In 1997, when Massachusetts began making health records of state employees available to medical researchers, the government removed patients’ names, addresses, and Social Security numbers. William Weld, then the governor, assured the public that identifying individual patients in the records would be impossible.
Within days, an envelope from a graduate student at the Massachusetts Institute of Technology arrived at Weld’s office. It contained the governor’s health records.
Although the state had removed all obvious identifiers, it had left each patient’s date of birth, sex and ZIP code. By cross-referencing this information with voter-registration records, Latanya Sweeney was able to pinpoint Weld’s records.
Sweeney’s work, along with other notable privacy breaches over the past 15 years, has raised questions about the security of supposedly anonymous information.
“We’ve learned that human intuition about what is private is not especially good,” said Frank McSherry of Microsoft Research Silicon Valley in Mountain View, Calif. “Computers are getting more and more sophisticated at pulling individual data out of things that a naive person might think are harmless.”
As awareness of these privacy concerns has grown, many organizations have clamped down on their sensitive data, uncertain about what, if anything, they can release without jeopardizing the privacy of individuals. But this attention to privacy has come at a price, cutting researchers off from vast repositories of potentially invaluable data.
Medical records, like those released by Massachusetts, could help reveal which genes increase the risk of developing diseases like Alzheimer’s, how to reduce medical errors in hospitals or what treatments are most effective against breast cancer. Government-held information from Census Bureau surveys and tax returns could help economists devise policies that best promote income equality or economic growth. And data from social media websites like Facebook and Twitter could offer sociologists an unprecedented look at how ordinary people go about their lives.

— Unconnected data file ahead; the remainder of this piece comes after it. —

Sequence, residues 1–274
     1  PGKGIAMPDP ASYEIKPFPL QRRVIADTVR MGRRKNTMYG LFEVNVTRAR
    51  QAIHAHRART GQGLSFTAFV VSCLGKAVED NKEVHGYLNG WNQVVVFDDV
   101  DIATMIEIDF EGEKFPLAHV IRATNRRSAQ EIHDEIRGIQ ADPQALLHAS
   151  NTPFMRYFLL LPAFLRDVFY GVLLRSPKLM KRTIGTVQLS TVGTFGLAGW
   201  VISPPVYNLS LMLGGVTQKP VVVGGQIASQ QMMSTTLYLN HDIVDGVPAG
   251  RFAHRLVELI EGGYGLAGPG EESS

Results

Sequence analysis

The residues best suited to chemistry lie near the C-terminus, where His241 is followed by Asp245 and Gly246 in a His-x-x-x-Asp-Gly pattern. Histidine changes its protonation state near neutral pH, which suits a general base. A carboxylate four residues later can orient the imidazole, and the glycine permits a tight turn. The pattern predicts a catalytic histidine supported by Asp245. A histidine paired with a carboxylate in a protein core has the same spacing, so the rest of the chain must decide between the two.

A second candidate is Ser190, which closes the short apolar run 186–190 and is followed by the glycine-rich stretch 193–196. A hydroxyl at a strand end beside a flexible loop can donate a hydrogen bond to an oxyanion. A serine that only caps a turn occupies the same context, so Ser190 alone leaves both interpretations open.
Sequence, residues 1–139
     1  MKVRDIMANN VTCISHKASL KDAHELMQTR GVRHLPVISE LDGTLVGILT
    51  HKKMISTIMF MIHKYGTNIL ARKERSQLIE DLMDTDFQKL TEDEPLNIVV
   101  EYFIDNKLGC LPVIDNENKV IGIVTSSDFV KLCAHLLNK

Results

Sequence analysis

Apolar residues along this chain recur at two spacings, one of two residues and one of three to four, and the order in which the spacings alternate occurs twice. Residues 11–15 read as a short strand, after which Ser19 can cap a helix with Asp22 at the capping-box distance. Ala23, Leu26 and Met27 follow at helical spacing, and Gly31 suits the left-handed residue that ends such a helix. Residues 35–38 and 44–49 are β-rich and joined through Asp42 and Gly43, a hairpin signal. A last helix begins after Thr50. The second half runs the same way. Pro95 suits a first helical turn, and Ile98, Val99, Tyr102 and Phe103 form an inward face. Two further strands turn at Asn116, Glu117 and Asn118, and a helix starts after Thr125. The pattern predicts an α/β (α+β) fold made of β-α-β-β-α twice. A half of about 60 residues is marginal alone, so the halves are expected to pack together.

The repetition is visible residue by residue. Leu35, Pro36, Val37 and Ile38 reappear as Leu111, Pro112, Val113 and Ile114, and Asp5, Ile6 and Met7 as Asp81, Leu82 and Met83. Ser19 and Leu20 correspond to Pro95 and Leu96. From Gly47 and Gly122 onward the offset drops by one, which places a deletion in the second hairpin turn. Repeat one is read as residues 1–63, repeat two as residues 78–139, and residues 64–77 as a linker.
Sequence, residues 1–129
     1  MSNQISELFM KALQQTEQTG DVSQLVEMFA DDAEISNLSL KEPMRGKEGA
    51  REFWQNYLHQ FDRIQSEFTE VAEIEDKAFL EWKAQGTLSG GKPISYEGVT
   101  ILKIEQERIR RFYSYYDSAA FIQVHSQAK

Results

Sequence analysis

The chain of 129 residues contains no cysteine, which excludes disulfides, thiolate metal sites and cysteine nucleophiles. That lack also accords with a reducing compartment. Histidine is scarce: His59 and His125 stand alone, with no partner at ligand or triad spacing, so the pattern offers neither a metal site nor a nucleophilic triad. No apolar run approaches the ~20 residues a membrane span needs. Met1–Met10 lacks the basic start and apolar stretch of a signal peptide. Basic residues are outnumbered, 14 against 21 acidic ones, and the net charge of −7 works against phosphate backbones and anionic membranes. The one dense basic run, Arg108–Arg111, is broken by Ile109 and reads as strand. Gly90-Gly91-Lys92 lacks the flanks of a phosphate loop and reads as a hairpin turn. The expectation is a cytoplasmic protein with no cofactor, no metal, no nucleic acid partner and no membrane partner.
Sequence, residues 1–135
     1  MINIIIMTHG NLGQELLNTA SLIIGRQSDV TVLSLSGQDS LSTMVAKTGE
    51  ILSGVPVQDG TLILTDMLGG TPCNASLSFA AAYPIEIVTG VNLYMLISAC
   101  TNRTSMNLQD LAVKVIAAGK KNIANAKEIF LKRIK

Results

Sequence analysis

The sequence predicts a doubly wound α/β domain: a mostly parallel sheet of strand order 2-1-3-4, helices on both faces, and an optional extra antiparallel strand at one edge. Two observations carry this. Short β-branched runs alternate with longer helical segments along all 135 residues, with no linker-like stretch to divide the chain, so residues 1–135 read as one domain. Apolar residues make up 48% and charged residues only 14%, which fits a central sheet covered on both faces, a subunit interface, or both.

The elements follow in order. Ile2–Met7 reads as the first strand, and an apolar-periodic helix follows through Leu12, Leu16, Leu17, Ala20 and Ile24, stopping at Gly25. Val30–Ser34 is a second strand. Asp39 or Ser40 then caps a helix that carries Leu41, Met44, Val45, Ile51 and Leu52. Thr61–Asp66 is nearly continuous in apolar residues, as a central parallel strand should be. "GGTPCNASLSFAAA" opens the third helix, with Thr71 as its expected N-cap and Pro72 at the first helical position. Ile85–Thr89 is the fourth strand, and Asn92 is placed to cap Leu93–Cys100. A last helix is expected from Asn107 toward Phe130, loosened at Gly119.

The question is: How do we get at these data without revealing private information? A body of work a decade in the making is now starting to offer a genuine solution.
“Differential privacy,” as the approach is called, allows for the release of data while meeting a high standard for privacy protection. A differentially private data release algorithm allows researchers to ask practically any question about a database of sensitive information and provides answers that have been “blurred” so that they reveal virtually nothing about any individual’s data — not even whether the individual was in the database in the first place.
“The idea is that if you allow your data to be used, you incur no additional risk,” said Cynthia Dwork of Microsoft Research Silicon Valley. Dwork introduced the concept of differential privacy in 2005, along with McSherry, Kobbi Nissim of Israel’s Ben-Gurion University and Adam Smith of Pennsylvania State University.
Differential privacy preserves “plausible deniability,” as Avrim Blum of Carnegie Mellon University likes to put it. “If I want to pretend that my private information is different from what it really is, I can,” he said. “The output of a differentially private mechanism is going to be almost exactly the same whether it includes the real me or the pretend me, so I can plausibly deny anything I want.”